Superman/Batman: Public Enemies Film Review

8 Oct

So, the other night I was thinking, “hmm, I don’t have any school tomorrow so why don’t I watch that new DC film that I just got and just came out…”  And, I did.  It was awful.  Click for the reasons why.

I have to start with the plot of the film… It’s a decent idea executed incredibly poorly.  So, Lex Luthor becomes President and frames Superman for being responsible for a giant Kryptonite meteor ready to hit Earth.  A bunch of heroes side with Lex Luthor (for really unknown reasons) and try to capture Superman and Batman… as well as a bunch of Villains.

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I just couldn’t really understand the motives behind why Powergirl or Starfire or Black Lightning would fight against Superman and Batman.  Sure, Power Girl changes sides, but it’s kinda dumb.  Plus, she’s relegated to this sexist role of not being as powerful as Superman with much less experience and basically not his equal.  Then, she’s left to do all of the bitch work… I mean, really.  That’s pretty dumb.  Starfire and Black Lightning have about 3 lines combined in the whole movie.

This film is basically just about writing every single hero and villain’s name on a piece of paper, putting it all in a hat, and pulling out names to figure out who Superman and Batman are going to fight for no real reason.  Not only that, they seriously fight off 30 heroes and villains in the timespan of 15 min. of film.  A 15 min. fight scene is super boring, and I found myself starting to read a book while the film was on because it just could not hold my attention.  Why would all of Flash, Superman, Batman, and Wonder Woman’s rogues come out of nowhere at once just to fight.  It’s beyond me.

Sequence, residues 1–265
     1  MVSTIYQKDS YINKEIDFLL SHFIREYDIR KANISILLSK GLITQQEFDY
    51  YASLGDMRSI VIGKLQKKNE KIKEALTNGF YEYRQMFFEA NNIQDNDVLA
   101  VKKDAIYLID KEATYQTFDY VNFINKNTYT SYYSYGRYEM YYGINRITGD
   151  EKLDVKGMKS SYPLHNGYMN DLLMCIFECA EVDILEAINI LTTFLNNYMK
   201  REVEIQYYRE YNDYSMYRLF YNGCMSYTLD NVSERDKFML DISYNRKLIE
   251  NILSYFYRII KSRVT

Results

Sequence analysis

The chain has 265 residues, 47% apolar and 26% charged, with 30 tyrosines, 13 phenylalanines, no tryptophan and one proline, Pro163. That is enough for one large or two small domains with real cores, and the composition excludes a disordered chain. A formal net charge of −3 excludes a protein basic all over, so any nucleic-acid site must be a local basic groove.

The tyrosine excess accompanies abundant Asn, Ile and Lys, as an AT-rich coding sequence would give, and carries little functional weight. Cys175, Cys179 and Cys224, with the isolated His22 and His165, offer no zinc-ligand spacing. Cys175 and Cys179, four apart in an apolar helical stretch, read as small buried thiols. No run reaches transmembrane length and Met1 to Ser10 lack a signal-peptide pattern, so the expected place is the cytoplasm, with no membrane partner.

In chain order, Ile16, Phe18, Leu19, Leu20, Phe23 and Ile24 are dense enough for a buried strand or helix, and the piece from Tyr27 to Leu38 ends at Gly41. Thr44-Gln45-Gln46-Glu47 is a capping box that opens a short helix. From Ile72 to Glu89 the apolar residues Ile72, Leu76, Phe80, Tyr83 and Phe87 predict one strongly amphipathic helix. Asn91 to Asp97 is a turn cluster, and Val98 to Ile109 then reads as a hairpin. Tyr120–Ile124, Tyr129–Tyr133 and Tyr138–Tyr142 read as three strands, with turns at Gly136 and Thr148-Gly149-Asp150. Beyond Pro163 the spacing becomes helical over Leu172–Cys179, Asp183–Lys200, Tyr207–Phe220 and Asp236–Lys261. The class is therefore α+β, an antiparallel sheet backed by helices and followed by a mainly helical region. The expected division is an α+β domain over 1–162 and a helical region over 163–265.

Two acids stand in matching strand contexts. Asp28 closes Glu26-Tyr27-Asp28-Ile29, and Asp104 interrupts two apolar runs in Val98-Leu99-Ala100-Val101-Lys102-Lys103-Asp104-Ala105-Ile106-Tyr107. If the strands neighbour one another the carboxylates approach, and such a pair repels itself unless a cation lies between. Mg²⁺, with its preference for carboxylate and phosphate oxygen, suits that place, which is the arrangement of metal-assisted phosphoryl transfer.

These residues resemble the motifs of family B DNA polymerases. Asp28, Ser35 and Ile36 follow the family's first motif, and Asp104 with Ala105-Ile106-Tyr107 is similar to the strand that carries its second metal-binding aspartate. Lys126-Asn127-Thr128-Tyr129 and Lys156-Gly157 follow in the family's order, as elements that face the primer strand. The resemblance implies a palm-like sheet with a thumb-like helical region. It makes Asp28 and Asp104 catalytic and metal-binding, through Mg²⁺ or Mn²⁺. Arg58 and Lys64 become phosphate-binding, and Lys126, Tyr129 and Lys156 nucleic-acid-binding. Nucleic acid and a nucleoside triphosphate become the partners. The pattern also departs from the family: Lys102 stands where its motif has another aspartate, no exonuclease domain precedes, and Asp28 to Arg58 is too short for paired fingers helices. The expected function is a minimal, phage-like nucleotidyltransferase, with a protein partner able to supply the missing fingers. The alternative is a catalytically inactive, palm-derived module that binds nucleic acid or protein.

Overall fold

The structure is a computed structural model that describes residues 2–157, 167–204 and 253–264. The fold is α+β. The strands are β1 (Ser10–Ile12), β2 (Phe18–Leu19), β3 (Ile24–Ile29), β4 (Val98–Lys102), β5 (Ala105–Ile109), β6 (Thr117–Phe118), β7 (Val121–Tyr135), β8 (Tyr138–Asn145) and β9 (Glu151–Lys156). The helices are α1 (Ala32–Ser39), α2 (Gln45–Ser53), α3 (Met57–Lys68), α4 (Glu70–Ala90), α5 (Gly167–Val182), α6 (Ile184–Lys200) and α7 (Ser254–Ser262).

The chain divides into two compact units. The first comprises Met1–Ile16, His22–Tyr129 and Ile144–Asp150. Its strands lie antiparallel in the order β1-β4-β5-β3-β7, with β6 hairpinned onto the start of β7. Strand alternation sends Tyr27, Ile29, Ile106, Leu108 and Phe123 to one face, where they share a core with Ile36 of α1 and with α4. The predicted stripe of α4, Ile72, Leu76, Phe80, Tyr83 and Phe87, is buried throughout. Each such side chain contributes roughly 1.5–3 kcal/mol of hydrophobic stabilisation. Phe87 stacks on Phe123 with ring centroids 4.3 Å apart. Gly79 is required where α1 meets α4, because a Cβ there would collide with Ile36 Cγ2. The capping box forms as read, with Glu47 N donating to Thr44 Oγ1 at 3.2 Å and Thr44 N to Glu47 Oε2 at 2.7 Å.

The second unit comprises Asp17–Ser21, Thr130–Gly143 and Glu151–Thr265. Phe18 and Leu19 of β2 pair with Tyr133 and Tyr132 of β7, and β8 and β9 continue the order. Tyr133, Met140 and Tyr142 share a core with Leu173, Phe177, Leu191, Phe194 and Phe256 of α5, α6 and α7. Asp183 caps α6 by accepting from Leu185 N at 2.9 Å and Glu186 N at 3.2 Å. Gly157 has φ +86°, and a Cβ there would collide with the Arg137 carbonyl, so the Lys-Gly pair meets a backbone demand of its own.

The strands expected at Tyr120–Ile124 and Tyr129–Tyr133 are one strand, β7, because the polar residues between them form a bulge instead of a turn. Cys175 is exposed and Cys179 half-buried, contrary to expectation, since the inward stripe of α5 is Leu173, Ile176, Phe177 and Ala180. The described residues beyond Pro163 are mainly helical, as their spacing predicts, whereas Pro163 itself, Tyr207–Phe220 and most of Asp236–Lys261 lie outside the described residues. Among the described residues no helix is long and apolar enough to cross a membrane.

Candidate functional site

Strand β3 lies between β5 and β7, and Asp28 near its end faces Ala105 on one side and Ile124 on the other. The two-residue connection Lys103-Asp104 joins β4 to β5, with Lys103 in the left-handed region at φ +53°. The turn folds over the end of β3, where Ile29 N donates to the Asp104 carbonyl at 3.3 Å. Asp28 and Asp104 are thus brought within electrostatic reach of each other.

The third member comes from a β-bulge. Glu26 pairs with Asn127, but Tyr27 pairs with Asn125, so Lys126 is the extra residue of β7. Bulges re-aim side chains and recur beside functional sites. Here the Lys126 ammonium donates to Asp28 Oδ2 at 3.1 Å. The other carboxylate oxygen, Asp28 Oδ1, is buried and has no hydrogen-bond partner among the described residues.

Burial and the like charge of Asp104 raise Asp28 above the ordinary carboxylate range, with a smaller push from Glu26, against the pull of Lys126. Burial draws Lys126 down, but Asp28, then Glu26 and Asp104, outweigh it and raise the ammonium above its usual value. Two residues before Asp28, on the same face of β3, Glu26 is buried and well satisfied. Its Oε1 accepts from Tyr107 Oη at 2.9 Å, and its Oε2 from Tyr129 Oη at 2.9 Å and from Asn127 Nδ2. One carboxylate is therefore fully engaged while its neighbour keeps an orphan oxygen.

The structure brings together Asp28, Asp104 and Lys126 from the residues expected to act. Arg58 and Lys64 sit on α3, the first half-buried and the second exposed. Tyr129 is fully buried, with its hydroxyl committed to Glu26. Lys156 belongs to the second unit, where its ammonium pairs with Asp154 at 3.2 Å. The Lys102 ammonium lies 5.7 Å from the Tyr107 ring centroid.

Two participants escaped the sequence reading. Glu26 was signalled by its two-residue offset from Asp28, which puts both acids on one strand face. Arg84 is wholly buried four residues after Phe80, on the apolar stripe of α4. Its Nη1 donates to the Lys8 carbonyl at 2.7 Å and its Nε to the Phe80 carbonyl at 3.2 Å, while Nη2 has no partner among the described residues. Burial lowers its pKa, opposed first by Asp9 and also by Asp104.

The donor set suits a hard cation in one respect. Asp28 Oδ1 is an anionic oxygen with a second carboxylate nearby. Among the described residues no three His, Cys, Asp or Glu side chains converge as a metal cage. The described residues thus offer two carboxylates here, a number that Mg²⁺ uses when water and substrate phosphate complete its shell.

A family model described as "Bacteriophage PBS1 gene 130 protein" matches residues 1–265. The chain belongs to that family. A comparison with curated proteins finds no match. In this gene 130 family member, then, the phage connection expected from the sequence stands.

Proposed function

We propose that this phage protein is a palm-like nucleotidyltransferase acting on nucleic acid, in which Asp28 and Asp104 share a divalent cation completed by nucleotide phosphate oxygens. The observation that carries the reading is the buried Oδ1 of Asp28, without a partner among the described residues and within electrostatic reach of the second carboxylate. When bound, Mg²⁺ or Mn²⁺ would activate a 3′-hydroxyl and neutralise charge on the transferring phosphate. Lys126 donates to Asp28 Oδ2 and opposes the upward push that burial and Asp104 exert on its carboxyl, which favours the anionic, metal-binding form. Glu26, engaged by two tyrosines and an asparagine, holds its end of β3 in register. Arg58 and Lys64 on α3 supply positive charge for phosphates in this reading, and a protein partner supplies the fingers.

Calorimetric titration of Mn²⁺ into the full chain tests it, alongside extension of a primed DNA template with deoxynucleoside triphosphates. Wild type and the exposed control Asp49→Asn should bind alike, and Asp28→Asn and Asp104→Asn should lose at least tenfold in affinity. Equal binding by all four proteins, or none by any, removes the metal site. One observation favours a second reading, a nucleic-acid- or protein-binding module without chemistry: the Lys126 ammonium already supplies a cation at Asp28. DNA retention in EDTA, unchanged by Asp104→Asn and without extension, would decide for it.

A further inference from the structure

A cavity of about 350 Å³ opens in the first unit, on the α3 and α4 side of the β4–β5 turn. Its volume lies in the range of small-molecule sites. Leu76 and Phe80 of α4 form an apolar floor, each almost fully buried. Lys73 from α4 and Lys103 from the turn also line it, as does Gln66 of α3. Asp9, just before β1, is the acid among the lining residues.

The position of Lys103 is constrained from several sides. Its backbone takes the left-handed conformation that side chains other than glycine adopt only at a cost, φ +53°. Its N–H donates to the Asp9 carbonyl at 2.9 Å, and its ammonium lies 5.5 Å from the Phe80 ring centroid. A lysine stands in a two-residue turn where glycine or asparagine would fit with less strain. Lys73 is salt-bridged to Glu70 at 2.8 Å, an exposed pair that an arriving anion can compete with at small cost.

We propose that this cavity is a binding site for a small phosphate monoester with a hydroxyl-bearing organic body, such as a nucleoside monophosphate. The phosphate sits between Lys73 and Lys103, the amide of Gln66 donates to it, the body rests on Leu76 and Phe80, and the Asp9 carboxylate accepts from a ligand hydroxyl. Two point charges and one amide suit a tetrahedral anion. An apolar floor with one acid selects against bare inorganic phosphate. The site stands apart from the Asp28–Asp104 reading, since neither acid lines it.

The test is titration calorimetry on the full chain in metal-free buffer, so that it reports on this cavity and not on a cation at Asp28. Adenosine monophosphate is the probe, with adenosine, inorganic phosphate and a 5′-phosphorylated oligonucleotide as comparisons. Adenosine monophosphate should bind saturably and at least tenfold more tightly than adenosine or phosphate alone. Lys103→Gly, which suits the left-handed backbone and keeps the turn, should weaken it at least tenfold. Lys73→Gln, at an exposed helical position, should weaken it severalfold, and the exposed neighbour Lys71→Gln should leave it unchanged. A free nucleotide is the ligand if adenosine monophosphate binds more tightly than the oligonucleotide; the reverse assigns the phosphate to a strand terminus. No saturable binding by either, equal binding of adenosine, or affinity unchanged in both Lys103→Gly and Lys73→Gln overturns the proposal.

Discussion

Another big beef I had with the film was that it truly did not capture the essence of Batman… at all.  Which is a huge shame since they got the original voice actor from the Batman Animated Series back to do his legendary voice.  Batman’s basically in the sunlight/open for 90% of this film.  In all of the Batman comics I’ve read (well over 200), I’ve never seen Batman out in the open and daylight for more than a couple scenes.  Batman’s supposed to be a mystery, an enigma, not just some other crime fighter out there.

When the film’s fight scenes (which consisted of about 55 min. of the 66 min. of the film) were just one on one or two on one like in the case of the fight scene with Metallo.  There was a sparkle of hope.  You can tell the real struggle and promise of these scenes.

All in all, I have to admit that the voice acting was the only saving grace of this film, and I think I enjoyed the opening credits more than I did this.

1StarRatingscopy.jpg picture by PseudoPsychic


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